One of the interesting things about living through These Times is observing how people and small businesses adapt to survive. Restaurants, for example, are offering newly configured takeout options, while shops offer online sales and free shipping. Few operations, however, are placed in as tricky a predicament as independent movie theaters, whose entire model is based around packing strangers into an enclosed space to share a communal experience. Nevertheless, these institutions (which, it should go without saying, are indescribably important to the city’s cultural landscape and must be preserved) are finding new and exciting ways to interact with their audiences and stay afloat. In addition to public drives for donations, memberships, and gift card sales (jump to the bottom of this article to see how you can help), the Brattle is starting up their own podcast and curating series to stream along at home, while the Capitol Theatre in Arlington is hosting a drive-through popcorn pop-up. Perhaps most exciting, however, is the Coolidge’s newly launched virtual screening room, which allows you to digitally rent new release films which would be playing at the theater, with a portion of your rental fee going directly to the theater. The service kicked off this past Wednesday with the indie dramedy Saint Frances and the cockeyed mycology documentary Fantastic Fungi. Today, the Coolidge adds another new release, which should satisfy those currently jonesing for the Coolidge’s beloved After Midnight series: the humane, outrageous, and bracingly relevant Bacurau.
Bacurau is a tiny, remote village located deep in the mountains of Brazil. It’s a tight-knit, if slightly hard-edged, town, its only contacts with the world at large being occasional deliveries from sympathetic outsiders and useless campaign stops by local gladhanding politician Tony Junior. Following the death of local matriarch Carmelita, however, the villagers begin noticing a series of odd occurrences: cell phones stop working, the town quietly disappears off of Google Maps, and what appears for all the world to be a tiny flying saucer is spotted flitting around the peripheries. Soon, the town is beset by a squad of white mercenaries (led by Udo Kier, whose presence has served as shorthand for “shit’s gonna get weird” for over half a century) who use only vintage firearms and approach mass murder as something akin to big game hunting. But the citizens of Bacurau have a handful of secrets of their own up their sleeves, leading to a showdown that no one could have seen coming.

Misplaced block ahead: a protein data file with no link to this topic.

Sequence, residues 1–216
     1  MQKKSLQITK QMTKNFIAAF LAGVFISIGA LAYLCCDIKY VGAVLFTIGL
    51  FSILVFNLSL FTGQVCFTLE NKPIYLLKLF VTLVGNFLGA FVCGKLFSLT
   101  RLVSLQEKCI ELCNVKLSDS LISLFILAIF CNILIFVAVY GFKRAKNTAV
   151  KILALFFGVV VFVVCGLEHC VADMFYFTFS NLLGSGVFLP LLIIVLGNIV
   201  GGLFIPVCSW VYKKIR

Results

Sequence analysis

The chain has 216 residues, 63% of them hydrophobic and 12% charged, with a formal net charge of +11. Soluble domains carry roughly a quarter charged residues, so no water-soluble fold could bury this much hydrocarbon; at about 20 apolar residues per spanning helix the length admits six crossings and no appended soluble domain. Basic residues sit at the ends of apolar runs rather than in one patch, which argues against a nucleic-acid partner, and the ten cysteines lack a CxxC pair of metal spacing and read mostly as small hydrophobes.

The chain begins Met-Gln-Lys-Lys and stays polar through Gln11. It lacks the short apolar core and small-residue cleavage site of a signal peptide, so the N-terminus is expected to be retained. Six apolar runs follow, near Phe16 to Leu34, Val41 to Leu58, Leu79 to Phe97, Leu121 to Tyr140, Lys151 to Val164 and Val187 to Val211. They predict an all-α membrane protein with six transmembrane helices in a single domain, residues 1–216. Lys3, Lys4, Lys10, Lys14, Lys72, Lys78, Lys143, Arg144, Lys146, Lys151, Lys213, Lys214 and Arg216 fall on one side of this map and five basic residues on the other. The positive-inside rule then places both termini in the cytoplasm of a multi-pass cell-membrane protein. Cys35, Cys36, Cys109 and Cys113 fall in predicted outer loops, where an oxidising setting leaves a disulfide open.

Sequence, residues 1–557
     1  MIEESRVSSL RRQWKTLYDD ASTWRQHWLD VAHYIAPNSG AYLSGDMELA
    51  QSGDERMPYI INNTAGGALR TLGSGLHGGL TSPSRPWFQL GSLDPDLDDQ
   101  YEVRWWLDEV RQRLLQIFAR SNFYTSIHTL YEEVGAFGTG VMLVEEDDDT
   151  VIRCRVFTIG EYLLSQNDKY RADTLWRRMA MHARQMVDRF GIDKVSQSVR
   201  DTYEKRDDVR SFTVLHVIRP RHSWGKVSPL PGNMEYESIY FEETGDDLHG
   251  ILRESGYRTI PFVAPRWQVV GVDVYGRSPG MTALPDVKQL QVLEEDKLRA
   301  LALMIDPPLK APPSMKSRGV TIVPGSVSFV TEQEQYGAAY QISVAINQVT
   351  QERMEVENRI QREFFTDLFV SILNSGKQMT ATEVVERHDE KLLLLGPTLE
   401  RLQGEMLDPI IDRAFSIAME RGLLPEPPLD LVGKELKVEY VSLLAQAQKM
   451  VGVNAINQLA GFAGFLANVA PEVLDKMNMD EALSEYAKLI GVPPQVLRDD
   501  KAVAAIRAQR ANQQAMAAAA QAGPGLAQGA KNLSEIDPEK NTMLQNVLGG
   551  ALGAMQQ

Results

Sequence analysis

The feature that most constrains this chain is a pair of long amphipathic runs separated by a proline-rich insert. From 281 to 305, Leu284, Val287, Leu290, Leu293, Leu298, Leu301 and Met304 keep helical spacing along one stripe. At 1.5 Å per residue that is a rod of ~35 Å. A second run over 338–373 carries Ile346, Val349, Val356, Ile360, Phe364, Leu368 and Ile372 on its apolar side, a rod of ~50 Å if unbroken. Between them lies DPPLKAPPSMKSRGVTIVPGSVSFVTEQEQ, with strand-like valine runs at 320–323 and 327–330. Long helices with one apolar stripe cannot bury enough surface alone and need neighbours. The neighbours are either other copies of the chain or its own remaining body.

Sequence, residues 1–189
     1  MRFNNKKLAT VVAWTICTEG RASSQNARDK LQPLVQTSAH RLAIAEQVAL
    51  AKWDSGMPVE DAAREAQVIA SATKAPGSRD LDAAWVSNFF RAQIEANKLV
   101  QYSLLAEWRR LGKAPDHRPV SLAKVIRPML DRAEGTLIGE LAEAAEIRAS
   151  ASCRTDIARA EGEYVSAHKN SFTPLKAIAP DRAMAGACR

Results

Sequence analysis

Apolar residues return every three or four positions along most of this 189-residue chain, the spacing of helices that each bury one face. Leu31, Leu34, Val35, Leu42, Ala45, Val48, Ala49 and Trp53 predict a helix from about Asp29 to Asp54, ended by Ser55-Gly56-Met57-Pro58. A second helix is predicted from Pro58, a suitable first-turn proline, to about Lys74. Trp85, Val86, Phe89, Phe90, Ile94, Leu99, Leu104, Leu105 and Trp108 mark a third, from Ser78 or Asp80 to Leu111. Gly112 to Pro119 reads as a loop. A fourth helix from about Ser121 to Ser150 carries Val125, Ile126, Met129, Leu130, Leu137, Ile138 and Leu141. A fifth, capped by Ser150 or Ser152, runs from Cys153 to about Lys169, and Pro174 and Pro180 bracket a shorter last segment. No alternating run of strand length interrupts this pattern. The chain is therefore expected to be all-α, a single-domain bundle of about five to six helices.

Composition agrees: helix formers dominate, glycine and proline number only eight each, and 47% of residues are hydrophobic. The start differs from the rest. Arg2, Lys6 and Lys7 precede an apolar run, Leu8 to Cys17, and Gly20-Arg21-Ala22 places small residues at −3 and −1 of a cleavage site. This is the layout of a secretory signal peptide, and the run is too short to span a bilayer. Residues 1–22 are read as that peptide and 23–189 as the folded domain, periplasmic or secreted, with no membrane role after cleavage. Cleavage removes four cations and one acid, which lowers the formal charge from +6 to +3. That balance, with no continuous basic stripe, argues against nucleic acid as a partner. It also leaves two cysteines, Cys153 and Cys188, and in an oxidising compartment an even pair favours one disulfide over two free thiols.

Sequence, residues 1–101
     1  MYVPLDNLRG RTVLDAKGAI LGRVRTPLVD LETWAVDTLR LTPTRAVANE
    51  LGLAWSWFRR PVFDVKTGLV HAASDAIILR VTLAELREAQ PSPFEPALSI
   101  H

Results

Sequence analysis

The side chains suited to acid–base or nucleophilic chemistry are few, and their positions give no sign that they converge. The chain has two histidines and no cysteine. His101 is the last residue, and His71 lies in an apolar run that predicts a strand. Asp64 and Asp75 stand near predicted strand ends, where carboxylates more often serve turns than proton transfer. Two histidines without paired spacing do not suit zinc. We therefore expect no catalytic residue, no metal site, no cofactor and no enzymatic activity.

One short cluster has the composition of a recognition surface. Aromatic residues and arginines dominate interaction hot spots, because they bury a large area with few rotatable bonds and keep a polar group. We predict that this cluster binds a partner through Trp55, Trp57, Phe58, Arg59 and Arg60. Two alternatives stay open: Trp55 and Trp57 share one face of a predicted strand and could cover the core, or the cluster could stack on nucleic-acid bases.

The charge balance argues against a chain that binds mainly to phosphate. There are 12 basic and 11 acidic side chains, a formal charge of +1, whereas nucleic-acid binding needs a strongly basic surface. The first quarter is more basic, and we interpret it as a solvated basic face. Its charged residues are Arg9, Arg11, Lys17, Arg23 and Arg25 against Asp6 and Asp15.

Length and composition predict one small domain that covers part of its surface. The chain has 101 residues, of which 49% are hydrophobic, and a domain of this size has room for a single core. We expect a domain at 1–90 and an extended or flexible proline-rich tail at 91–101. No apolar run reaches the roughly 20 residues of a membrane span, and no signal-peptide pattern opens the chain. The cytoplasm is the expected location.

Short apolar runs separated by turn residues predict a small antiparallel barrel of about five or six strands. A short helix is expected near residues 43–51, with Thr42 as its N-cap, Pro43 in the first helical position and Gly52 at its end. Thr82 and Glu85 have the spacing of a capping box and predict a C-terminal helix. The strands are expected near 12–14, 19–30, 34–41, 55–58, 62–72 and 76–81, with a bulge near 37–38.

While it feels crass to suggest that a film’s release could benefit from a global pandemic, it does feel fortuitous that Bacurau comes to us in this particular moment of socio-economic chaos. Take, for example, the scenes in which the buffoonish Tony Junior wheels into town to deliver school books (unceremoniously unloaded via dump truck) and medicine (which, the local doctor patiently explains, is barely superior to snake oil). When the townspeople (who refuse to leave their houses to avoid photo ops) curse him out for refusing to reinstate their water supply, he blithely demurs that his hands are tied, then gets back into his motorcade. It’s a moment that feels so specifically relevant to the mess we currently find ourselves in that one could probably be convinced it was a direct response, even though that would obviously be impossible. Like Jordan Peele, whose Get Out was shot in 2016 and released in the early months of the Trump presidency, directors Kleber Mendonça Filho and Juliano Dornelles show such a keen eye for humanity that their film’s vitality has only increased. Good satire speaks directly to its times; great satire maintains that feeling no matter when you watch it.